The opposition group Commitment Ecuador formed in September 2014 to oppose the ruling PAIS Alliance party’s attempts to amend the country’s Constitution and allow for the indefinite reelection of the president. The group argues that such a change to Ecuador’s Constitution requires a popular vote.
The question, presented to the CNE, that Commitment Ecuador had planned to pose to the Ecuadorian people reads: “Do you agree that the indefinite reelection of the president and other elected positions should be allowed in Ecuador?”
However, the National Electoral Council denied the request on the grounds that all constitutional issues must first be addressed by the Constitutional Court.
1/2 CNE no entregó formularios pedido de Consulta Popular a colectivo Compromiso Ecu por incumplir art 104 de Const. pic.twitter.com/cgqVDW0iau
— CNE Ecuador (@cnegobec) February 13, 2015
“CNE did not deliver the forms for popular referendum to Commitment Ecuador, since they have not complied with Art. 104 of the Constitution.”
Articles 100 and 104 of the Constitution stipulate that for a referendum regarding “issues of the state” at a national level, a prior ruling by the Constitutional Court on the constitutionality of the question is required, prior to collecting signatures.
CNE President Juan Pablo Pozo has previously referenced Articles 100 and 104 in his denials for a referendum on indefinite reelection, however the attorney Jorge Alvear believes the CNE is ignoring relevant precedents already set by the Constitutional Court.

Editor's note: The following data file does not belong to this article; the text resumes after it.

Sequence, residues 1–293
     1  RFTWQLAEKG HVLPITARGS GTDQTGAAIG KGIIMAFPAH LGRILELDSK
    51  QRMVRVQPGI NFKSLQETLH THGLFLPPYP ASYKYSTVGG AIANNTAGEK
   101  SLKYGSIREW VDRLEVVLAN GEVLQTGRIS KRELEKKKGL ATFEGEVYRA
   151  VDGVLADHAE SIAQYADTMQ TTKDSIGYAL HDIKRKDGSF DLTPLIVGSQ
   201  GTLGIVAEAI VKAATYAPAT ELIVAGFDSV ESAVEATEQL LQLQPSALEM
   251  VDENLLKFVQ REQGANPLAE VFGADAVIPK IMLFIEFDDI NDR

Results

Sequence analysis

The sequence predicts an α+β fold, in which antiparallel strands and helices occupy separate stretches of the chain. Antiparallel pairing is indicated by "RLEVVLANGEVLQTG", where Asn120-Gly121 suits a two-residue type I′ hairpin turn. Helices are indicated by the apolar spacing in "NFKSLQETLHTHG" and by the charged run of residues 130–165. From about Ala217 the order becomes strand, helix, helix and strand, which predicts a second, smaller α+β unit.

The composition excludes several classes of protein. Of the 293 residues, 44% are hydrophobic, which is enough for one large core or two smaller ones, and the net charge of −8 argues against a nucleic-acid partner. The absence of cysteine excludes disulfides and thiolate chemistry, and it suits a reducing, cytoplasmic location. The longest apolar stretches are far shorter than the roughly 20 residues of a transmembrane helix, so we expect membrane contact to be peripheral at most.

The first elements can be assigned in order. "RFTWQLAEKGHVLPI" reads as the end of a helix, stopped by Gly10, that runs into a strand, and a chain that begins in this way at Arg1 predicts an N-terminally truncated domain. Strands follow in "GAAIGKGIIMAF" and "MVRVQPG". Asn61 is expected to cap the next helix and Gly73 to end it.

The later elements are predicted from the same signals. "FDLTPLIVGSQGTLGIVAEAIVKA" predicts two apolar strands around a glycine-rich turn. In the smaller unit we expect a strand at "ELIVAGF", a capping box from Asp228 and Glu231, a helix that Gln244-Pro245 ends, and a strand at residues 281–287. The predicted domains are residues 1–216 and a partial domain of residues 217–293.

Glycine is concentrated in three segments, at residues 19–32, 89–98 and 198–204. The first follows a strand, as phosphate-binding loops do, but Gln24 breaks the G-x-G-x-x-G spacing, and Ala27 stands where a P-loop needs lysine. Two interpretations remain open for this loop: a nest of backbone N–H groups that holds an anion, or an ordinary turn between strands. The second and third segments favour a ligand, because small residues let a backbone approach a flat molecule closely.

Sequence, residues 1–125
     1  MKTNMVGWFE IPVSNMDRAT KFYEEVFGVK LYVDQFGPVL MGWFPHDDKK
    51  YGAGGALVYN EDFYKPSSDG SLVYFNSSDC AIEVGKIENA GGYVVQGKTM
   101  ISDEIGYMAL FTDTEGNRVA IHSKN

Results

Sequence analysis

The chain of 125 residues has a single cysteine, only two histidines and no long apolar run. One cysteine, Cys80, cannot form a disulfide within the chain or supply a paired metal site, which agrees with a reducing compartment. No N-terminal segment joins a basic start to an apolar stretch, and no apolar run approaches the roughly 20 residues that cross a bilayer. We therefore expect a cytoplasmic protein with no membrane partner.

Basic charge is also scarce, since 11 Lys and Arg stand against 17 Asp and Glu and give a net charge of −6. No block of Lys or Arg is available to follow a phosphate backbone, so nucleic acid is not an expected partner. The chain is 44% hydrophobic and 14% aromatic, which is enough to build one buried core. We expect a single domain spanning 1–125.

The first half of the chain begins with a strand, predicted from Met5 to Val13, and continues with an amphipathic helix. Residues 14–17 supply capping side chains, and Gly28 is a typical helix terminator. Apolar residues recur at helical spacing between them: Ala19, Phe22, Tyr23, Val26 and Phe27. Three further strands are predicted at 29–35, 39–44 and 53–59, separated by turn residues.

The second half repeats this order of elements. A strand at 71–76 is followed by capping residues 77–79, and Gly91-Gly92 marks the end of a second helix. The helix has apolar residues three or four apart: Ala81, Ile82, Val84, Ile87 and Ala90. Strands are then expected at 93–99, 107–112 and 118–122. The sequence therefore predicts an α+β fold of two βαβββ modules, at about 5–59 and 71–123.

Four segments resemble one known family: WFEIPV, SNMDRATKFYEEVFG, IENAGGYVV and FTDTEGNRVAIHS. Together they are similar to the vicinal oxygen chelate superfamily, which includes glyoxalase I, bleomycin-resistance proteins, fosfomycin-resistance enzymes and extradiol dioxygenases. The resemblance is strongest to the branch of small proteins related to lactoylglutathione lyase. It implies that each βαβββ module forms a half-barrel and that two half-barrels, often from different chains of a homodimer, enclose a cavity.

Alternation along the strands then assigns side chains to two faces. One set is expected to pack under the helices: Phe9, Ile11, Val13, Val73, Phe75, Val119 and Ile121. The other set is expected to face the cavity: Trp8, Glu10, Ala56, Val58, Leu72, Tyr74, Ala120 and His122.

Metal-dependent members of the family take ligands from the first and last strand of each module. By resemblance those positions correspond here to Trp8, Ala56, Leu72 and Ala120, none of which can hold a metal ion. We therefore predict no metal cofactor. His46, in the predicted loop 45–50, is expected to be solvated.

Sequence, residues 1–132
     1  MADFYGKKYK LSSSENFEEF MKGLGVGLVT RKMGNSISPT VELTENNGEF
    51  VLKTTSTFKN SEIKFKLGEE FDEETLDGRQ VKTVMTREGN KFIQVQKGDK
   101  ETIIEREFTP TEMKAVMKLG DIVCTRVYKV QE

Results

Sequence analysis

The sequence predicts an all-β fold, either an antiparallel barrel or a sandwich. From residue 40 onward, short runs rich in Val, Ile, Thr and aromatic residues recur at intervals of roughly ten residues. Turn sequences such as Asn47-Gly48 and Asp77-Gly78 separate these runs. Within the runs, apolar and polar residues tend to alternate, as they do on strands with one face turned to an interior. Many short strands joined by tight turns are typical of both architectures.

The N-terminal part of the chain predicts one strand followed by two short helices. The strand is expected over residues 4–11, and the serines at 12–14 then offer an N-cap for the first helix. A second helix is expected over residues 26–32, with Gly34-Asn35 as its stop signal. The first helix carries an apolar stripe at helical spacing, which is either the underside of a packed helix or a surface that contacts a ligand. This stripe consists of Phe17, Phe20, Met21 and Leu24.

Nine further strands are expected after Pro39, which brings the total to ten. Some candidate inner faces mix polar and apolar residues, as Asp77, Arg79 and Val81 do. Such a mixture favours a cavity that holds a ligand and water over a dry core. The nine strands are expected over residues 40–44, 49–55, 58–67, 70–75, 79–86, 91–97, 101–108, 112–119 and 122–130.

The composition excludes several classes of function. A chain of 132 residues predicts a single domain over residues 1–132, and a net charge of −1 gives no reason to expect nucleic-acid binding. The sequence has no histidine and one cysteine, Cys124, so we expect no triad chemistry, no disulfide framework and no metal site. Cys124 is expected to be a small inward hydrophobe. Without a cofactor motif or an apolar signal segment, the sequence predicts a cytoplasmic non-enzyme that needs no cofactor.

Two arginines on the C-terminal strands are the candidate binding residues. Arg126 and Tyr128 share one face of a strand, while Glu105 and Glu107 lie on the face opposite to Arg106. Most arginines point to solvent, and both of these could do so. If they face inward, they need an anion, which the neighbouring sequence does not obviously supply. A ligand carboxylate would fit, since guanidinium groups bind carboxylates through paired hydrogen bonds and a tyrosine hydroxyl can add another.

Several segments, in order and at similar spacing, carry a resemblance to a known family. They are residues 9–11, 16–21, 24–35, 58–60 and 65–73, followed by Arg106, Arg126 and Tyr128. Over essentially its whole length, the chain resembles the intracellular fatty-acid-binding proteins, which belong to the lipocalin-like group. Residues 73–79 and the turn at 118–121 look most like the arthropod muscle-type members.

Alvear points to the referendum led by President Correa in 2011 in which a set of 10 questions were put to a vote, including a potential ban on casinos in the country. The Court ruled in this case that the collection of signatures was necessary to demonstrate the democratic legitimacy of the questions prior to its own ruling on the matter.
Similarly, in 2013, when the group Yasunidos proposed a referendum in connection with the Yasuni ITT Initiative, the Court also ruled that the CNE should provide the required forms to the petitioners to collect signatures beforehand.
Furthermore, Alvear argues that the Court has made clear in prior rulings that all popular referendums must first be verified for democratic legitimacy, through the collection of signatures, before validating the question.
However, the CNE has repeatedly prevented a referendum on term limits from moving forward, including a very similar proposal in October 2014 from the opposition party Patriotic Society (PSP) and the group Democracy Yes.
Julio Clavijo, a member of Commitment Ecuador, told the PanAm Post that he believes the true motive behind the legal maneuvering is to change the Constitution without the consent of the Ecuadorian people.
“Once again, we are seeing how the CNE and Constitutional Court are ‘passing the ball’ between each other, because they know this does not favor the government,” he said.
The day before the CTE announced its decision, President Correa issued a statement guaranteeing the question would be rejected.
“Where is presidential reelection stipulated?” questioned Correa. “Is it in a regulation, a ministerial agreement, a law, or the Constitution? It’s in the Constitution, right? Then, undoubtedly, this is a constitutional matter, and they know it,” he said, calling the referendum “a show.”
Clavijo says Correa’s government is “afraid” to take the question of indefinite reelection to the people, even though it is one of great national interest. “We want to ask, and we are entitled to do so. They cannot deny us a say, to express our opinion at the polls, to endorse or reject the intentions of certain political groups in the country,” he added.
“We cannot allow a fundamental issue for democracy to be discussed behind closed doors by 100 assembly members.” Clavijo says he is concerned that the ruling party “wants to hijack democracy.”
“The president must understand that constitutional issues are not reserved exclusively for him, and that all Ecuadorians have the right to consult and be consulted, especially when he is trying to change the rules of the game for his own benefit,” he concluded.